Strong Towns Week: “You do have a parking problem; there’s too much of it.”

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It’s been a couple of years since NAC first linked to this article by Nathaniel Hood, a transportation planner and blogger living in St. Paul who writes for Strong Towns and Streets MN.

Mapping is one of four responses to complaints of “there’s no parking” (below), and our own Jeff G’s map of New Albany’s parking supply (above) dates back to 2013. It’s changed a bit, though not much.

A couple Fridays ago, I walked downtown on a Friday night. Food and drink establishments were hopping — and beginning at 3rd and Market, there were dozens of unoccupied parking spaces to the east.

In Parking Non-Problem 1, there is a link to a City Lab article introducing Hood and his photos of wide open spaces where parking shortages are alleged to exist. In the following, Hood’s points are offered sans explanation, so please click through and read the entire article — and consider becoming a member of Strong Towns.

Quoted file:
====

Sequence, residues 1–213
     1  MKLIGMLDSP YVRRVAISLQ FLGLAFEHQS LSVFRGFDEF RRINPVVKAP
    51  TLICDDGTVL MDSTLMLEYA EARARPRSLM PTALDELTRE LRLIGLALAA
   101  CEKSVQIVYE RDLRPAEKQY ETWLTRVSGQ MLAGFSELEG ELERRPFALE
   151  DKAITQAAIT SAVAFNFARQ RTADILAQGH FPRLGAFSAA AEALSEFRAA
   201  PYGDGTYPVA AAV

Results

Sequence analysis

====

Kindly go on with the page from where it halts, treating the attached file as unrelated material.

4 EASY STEPS TO SQUASH THE “THERE’S NO PARKING” ARGUMENT, by Nathaniel M. Hood (Strong Towns)

“OMG! There is no parking!” – Concern Citizen

I wish I had a bus ticket for every time I heard someone say this. Unless you’re Manhattan or San Francisco, it is fair to say that you don’t have a parking problem. I take that back. You do have a parking problem; there’s too much of it.

Here is a quick how-to guide on dealing with those who claim your town lacks adequate parking.

1. UNDERSTAND PERCEPTION.
2. MAP PARKING SUPPLY
3. DOCUMENT UNUSED SUPPLY
4. USE YOURSELF AS A CASE STUDY

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